Winter Discount on MYN Corporate Webinars

Jan 16, 2018

From now through March 20, 2018, if you schedule one of our live corporate MYN webinars you’ll receive a substantial discount. Normally $3500 for four 1-hour sessions, the webinar for your entire team is priced at $1995 for that period. If 25 of your staff attended, that would be only $80 each. Act now to reserve your dates as open slots are limited.

In these popular hands-on webinars presented by Michael Linenberger, your staff will learn the MYN Outlook system for task management and e-mail control. Webinar graduates regularly report large gains in productivity and greatly-increased inbox control.

What’s in the Course

The webinar is a mixture of live presentation and hands-on coached exercises. Participants will be running their copy of Outlook on their laptops, and be instructed on MYN principles using their own e-mail and tasks as examples. They can ask questions via webinar text. This is the same material Michael teaches in his on-site corporate MYN seminars.

The webinar will be custom-scheduled per your needs. Normally it is presented as four one-hour sessions spread over four consecutive days. But it can instead be scheduled as one 4-hour session (good for conference rooms with the webinar projected) or two 2-hour sessions. We recommend up to 25 people attend, but can handle more if needed.

The webinars are for participants using Windows Desktop Outlook 2013 or 2016. To save time and enable more focus on MYN principles, we ask that all participants have installed the Outlook add in called MYN Views (we will provide a free license for all participants) or have their Outlook To-Do Bar pre-configured per Chapter 3 in the MYN Outlook book (Total Workday Control Using Microsoft Outlook) prior to the start of the webinar. A PDF copy of that book will be provided for you to distribute to all participants.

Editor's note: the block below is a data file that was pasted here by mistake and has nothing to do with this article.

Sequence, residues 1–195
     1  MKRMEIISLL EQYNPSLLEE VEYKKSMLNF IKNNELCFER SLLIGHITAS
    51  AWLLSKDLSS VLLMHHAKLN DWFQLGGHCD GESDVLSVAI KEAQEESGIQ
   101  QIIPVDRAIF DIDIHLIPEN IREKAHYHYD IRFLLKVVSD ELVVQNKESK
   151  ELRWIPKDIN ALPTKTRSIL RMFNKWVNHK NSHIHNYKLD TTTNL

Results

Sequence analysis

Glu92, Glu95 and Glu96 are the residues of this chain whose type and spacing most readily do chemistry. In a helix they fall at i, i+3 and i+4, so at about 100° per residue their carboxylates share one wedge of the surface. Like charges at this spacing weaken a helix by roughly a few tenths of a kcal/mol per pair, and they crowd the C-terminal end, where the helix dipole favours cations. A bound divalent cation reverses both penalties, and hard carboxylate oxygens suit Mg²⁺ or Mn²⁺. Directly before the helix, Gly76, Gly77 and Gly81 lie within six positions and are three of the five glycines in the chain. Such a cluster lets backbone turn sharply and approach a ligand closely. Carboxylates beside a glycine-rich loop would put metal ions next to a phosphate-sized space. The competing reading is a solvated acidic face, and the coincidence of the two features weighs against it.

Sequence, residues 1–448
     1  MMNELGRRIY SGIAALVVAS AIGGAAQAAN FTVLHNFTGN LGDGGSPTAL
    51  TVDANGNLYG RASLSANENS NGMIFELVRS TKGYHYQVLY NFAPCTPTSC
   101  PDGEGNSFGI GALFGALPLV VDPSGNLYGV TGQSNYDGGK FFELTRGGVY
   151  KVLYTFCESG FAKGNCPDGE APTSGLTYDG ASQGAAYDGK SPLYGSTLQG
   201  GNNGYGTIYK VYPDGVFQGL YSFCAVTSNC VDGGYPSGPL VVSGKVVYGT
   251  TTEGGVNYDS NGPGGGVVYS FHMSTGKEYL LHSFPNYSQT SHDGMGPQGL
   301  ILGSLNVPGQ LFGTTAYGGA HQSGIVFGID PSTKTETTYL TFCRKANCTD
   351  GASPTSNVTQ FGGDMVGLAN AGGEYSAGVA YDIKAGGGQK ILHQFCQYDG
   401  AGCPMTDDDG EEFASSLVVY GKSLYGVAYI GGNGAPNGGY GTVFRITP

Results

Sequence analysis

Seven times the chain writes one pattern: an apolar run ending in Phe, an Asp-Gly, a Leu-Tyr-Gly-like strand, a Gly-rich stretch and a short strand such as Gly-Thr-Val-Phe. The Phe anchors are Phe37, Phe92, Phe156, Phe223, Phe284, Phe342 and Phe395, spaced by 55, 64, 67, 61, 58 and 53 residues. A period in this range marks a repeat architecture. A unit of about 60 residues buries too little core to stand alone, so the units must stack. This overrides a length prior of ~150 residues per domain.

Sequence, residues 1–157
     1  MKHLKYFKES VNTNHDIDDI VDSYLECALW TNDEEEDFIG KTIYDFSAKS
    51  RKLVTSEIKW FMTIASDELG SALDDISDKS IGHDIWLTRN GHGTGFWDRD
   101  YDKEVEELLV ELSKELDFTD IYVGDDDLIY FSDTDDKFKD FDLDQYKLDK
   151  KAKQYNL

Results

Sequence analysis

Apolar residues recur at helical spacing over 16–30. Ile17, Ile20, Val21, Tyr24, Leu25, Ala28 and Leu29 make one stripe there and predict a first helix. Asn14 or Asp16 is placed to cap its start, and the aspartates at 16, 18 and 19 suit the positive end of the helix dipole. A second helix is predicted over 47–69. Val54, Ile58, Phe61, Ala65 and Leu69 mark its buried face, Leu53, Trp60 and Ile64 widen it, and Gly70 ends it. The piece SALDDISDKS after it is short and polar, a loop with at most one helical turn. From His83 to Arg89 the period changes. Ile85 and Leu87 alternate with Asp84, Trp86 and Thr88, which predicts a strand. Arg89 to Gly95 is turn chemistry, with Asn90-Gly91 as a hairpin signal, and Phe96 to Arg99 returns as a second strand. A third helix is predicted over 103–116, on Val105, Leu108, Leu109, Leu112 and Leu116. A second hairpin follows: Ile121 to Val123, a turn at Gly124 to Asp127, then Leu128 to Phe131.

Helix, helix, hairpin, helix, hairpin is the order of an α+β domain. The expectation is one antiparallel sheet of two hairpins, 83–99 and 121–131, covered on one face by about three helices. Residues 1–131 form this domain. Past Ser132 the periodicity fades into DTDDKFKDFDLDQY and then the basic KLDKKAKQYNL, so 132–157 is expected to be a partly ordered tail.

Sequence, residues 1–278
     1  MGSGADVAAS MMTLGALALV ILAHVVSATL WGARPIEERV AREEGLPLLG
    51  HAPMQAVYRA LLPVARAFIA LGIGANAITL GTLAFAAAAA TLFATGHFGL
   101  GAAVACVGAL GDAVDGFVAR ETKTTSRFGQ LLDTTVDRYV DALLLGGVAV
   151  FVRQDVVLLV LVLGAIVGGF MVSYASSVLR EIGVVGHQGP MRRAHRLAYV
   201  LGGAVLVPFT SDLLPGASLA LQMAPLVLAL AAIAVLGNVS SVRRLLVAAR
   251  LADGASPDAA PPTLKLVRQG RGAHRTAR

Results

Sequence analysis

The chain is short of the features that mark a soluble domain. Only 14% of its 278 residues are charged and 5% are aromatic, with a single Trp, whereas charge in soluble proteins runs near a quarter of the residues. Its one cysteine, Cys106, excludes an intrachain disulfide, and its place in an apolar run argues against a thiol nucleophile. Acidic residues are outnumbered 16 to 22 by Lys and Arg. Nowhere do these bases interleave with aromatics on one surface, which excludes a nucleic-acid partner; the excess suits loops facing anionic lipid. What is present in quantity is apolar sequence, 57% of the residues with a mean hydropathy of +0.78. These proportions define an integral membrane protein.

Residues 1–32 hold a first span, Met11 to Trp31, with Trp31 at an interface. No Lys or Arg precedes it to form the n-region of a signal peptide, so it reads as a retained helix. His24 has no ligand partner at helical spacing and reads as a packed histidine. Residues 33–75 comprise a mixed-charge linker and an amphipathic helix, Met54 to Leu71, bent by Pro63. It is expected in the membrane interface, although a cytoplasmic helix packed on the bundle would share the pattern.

Don’t miss this special pricing. Please email or call our offices to schedule the event and reserve your dates. E-mail us at or call 505-395-4541.


Corrected PDF Book Just Posted

Jan 12, 2018

I just uploaded a a corrected file for the PDF book referenced in this post.

An alert reader noticed that the images were lower quality than they should have been, and he was right, they were (thanks Jim!). We’ve corrected that and the images are now saved at 300 dpi in the newer file.

We’ve updated the download links in all the places that you can access the book (see that post for details), so just log in and redownload the file and you’ll get the latest. But be forewarned, the newer file size is now a lot larger than the previous file size (22MB vs. 6MB), in case you are saving in a small capacity location.

The filename of the latest PDF file is: TotalWorkdayControl-OutlookBook-Ed5.4.1.pdf

Michael Premium standalone was discontinued in October

Dec 30, 2017

I am playing catch up on this topic. Apparently at the end of October, Microsoft discontinued the standalone sales of Premium edition. The features that came with that (ad free web use, larger mailbox, and more) are now included free if you have an Office 365 subscription (Home or Personal), and if you are using a standard email address along with that subscription. More information here: